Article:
Short term rental regulations are one step closer to reality in Victoria, despite the overwhelmingly negative feedback recently provided by residents and current vacation rental operators.
Sitting as committee of the whole Thursday, council approved a draft short term rental (STR) bylaw that would limit use to one or two bedrooms in a primary residence, or to whole units temporarily while the person who lives there is away. Fees for existing short term rentals were also considered.
According to city staff, feedback suggested secondary suites should be allowed for short term rentals, but they did not recommend this change.
“We heard that many owners of secondary suites wanted to be able to use them as STRs, despite not living in the unit,” said city planner Shannon Jamison. “Secondary and garden suites are an important supply of rental housing, and therefore no change is proposed to the regulations.”
Council also heard results of community engagement sessions and survey responses conducted by city staff following a bylaw amendment in September that removed short term rentals (STRs) from acceptable land use in transient zones.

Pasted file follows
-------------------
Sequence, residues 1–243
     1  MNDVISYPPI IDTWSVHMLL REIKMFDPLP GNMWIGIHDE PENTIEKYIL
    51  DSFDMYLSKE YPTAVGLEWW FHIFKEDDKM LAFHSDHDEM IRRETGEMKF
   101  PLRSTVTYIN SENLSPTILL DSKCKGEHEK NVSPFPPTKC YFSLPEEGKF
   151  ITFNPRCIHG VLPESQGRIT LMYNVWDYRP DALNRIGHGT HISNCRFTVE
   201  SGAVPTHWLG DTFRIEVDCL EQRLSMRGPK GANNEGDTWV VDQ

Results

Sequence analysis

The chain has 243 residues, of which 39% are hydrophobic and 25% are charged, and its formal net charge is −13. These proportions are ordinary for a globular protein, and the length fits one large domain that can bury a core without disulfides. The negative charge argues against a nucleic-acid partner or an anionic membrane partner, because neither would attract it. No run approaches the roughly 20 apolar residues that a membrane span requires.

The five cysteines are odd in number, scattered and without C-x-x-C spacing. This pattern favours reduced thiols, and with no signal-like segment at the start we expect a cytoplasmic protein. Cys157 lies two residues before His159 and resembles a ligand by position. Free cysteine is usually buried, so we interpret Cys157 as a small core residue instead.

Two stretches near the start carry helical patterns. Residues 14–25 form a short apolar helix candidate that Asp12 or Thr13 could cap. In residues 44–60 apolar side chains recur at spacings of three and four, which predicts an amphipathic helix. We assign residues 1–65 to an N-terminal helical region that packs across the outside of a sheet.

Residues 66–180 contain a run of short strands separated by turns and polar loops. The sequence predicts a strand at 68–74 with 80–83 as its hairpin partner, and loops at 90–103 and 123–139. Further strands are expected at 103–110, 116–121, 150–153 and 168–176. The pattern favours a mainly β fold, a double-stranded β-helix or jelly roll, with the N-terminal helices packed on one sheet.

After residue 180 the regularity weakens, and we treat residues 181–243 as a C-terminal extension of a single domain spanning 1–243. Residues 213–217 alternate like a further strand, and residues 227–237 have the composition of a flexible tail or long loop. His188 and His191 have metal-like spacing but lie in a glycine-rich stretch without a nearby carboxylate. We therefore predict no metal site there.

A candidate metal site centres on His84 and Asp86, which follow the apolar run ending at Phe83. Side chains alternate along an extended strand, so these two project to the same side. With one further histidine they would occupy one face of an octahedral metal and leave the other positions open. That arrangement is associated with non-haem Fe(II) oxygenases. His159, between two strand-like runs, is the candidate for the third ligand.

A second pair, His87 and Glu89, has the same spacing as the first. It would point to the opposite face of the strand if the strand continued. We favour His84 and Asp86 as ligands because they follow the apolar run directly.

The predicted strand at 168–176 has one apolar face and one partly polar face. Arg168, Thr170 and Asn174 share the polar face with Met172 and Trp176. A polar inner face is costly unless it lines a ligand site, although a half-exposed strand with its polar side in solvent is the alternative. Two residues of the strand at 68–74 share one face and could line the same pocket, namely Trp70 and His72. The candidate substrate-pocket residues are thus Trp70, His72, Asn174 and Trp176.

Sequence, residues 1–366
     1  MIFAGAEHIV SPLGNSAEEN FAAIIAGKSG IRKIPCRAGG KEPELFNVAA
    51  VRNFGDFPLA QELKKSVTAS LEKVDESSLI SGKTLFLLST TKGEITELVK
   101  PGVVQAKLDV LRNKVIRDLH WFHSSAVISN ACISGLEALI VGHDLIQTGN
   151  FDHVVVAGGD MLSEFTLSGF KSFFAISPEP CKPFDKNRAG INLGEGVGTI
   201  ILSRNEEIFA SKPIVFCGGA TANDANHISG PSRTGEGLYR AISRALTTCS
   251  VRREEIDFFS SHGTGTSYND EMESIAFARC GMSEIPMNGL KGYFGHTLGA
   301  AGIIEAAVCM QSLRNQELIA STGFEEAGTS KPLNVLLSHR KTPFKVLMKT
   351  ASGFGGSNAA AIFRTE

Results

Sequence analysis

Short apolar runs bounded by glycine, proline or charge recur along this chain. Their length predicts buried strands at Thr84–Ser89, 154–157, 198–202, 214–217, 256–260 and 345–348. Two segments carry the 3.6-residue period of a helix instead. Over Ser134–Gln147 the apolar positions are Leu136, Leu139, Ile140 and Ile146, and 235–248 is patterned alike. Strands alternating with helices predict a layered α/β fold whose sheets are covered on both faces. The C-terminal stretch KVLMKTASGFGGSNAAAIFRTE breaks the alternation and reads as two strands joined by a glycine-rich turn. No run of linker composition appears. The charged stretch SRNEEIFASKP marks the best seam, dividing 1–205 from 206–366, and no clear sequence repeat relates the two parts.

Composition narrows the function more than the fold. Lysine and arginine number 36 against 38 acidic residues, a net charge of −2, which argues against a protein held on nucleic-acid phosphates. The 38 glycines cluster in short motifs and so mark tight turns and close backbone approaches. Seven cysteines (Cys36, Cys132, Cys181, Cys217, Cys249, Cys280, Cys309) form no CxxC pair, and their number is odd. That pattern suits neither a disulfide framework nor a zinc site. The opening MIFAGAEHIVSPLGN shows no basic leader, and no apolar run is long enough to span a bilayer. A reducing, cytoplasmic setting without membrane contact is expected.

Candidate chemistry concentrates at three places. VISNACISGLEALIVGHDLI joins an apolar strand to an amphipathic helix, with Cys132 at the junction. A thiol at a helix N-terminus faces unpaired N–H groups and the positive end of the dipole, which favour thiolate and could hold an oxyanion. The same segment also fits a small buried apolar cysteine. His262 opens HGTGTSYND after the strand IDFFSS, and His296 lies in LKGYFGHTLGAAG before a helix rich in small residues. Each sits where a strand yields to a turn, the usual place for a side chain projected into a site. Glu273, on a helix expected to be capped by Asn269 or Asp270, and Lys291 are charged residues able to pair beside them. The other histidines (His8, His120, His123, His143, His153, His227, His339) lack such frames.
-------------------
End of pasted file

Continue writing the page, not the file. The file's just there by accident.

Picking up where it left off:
According to the staff presentation, the majority of this round of feedback was related to the cost of business licences for STRs in non-principal residences, the only places full-unit vacation rentals will be allowed because they had been legally operating before the bylaw changes came into effect.
“Many felt that the $2,500 fee was too high and punitive,” Jamison said, adding that staff recommended further analysis to determine a more appropriate fee.
Coun. Jeremy Loveday said they aren’t going to be able to make everyone happy, but he supported the draft bylaw.
“I think this is a balanced approach that will allow some flexibility … while we make sure whole units of housing aren’t being taken out of the housing market,” he said. “I also support the idea of reviewing the $2,500 fee. We don’t want to be punitive.”
Blake MacKenzie, who created the Facebook group Greater Victoria Short Term Rental Alliance and who has worked in vacation rental sector since 2004, said he is glad council is reconsidering the licensing fee, but he sees limiting rentals to a primary residence – and excluding garden suites or carriage houses – as unfair.
“Most of the people that are doing this have stated, at least to us, that they have never had the intention to rent it out long-term … because they use it. It’s part of their lifestyle,” he said. “Our suggestion would be to create a regulatory framework that works for all, much like in the city of Seattle: run it for a few years, get the data you need, then see what the actual impact is.”